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DOD halts travel to, from COVID-19 affected countries

The Centers for Disease Control and Prevention has said that the coronavirus, named 2019-nCoV, is similar to the Middle East Respiratory Syndrome coronavirus in that it is spread from animals to people. The MERS virus particles are in blue, surrounding an infected cell. The undated image was taken at Fort Detrick, Maryland.

The Centers for Disease Control and Prevention has said that the coronavirus, named 2019-nCoV, is similar to the Middle East Respiratory Syndrome coronavirus in that it is spread from animals to people. The MERS virus particles are in blue, surrounding an infected cell. The undated image was taken at Fort Detrick, Maryland.

WASHINGTON --

In response to the growing coronavirus epidemic, Defense Department officials are looking to safeguard the health and safety of military and civilian personnel and their families.

"The department is committed to doing our part in the administration's comprehensive fight against the coronavirus by enhancing the safety of our personnel, helping them stay healthy, and making sure they're able to continue executing the mission," Defense Secretary Dr. Mark T. Esper said during a Pentagon news conference March 12.
 
Last night, Esper issued a memo entitled "Travel Restriction for DOD Components in Response to Coronavirus Disease 2019.

The memo states that, beginning tomorrow, all DOD military and civilian personnel and their families traveling to, from, or through areas that the Centers for Disease Control and Prevention label as a Level 3 danger will stop movement for the next 60 days. This includes all forms of official travel, including permanent change of station, temporary duty and government-funded leave.

For military personnel, this restriction also includes personal leave and other non-official travel.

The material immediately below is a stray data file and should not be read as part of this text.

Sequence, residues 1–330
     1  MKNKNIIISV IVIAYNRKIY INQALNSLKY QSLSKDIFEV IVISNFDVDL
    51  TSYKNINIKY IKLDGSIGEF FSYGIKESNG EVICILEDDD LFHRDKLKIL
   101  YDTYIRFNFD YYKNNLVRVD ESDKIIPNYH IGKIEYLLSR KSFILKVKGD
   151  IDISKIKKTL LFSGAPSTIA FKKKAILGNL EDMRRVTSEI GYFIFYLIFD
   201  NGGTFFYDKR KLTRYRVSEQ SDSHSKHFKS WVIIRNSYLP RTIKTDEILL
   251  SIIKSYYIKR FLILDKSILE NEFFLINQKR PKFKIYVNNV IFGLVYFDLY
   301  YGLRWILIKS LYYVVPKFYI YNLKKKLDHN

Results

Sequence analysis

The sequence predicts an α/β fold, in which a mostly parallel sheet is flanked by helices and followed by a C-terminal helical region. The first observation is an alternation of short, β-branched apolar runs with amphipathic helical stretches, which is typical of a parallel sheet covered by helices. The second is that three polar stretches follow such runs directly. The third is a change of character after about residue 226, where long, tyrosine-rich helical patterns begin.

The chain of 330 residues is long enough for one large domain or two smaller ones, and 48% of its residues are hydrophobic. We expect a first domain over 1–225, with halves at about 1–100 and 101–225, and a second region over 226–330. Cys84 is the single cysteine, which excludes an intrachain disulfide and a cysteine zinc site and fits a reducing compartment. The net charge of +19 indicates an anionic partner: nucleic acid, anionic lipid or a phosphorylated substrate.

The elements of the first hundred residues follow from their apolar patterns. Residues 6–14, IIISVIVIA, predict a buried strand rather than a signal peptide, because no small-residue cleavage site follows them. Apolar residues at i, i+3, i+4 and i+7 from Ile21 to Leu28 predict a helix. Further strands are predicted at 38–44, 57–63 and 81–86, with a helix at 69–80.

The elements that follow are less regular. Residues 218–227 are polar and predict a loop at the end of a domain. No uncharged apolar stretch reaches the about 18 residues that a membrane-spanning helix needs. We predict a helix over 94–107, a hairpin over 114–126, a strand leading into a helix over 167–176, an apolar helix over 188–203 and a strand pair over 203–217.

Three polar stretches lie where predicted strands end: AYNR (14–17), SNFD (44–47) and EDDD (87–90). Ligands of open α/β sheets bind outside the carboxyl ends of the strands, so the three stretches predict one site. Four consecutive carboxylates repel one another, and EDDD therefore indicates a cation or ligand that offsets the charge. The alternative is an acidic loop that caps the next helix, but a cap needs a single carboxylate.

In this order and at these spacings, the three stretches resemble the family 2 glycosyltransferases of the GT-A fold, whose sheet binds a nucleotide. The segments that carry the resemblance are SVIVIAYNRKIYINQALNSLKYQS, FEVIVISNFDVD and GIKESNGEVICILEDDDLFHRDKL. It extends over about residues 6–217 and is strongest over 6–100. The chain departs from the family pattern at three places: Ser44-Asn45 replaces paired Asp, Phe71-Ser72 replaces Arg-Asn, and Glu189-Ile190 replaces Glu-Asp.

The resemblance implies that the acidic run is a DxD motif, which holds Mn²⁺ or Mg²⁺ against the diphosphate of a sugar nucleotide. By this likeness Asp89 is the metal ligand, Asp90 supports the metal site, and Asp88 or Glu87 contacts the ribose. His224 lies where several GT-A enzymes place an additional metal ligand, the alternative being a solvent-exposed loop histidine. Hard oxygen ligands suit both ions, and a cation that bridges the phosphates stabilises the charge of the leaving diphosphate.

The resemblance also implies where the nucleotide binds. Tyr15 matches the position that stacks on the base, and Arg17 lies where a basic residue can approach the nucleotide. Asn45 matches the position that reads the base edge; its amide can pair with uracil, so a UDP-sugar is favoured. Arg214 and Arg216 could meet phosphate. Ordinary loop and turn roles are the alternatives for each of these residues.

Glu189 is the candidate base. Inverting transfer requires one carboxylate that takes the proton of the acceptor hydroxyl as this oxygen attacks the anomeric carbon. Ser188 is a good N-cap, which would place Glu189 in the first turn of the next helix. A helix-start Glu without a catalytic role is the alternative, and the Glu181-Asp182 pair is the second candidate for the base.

In addition, the memo calls on DOD travelers to carefully plan travel to ensure scheduled flights do not transit through or originate in Level 3 designated locations. 

The CDC designates the following as Level 3 countries: Austria, Belgium, China, Czech Republic, Denmark, Estonia, Finland, France, Germany, Greece, Hungary, Iceland, Iran, Italy, Latvia, Liechtenstein, Lithuania, Luxembourg, Malta, Monaco, Netherlands, Norway, Poland, Portugal, San Marino, Slovakia, Slovenia, South Korea, Spain, Sweden, Switzerland and Vatican City.

Esper's memo further curtails concurrent, official travel for family members of DOD uniformed and civilian personnel to Level 2-designated locations for 60 days. The memo also freezes DOD civilian personnel hiring actions for positions in locations designated as Levels 2 and Level 3 locations. Travel is also frozen for employees who have already been hired, but who have not yet embarked. 

In the memo, Esper calls on components to examine all travel and only approve mission-essential trips.

"Our combat commanders, service secretaries and the chief management officer are authorized to grant exceptions on a case-by-case basis," Esper said during the press conference. "Our commanders, of course, have the authority to provide direction and guidance to the troops every step of the way."

Other impacts of the coronavirus epidemic include changes to exercises and other training events.
 
Esper said the coronavirus situation is changing as scientists, researchers and medical professionals learn more about it. That means the guidance the department issues will change as warranted, he said.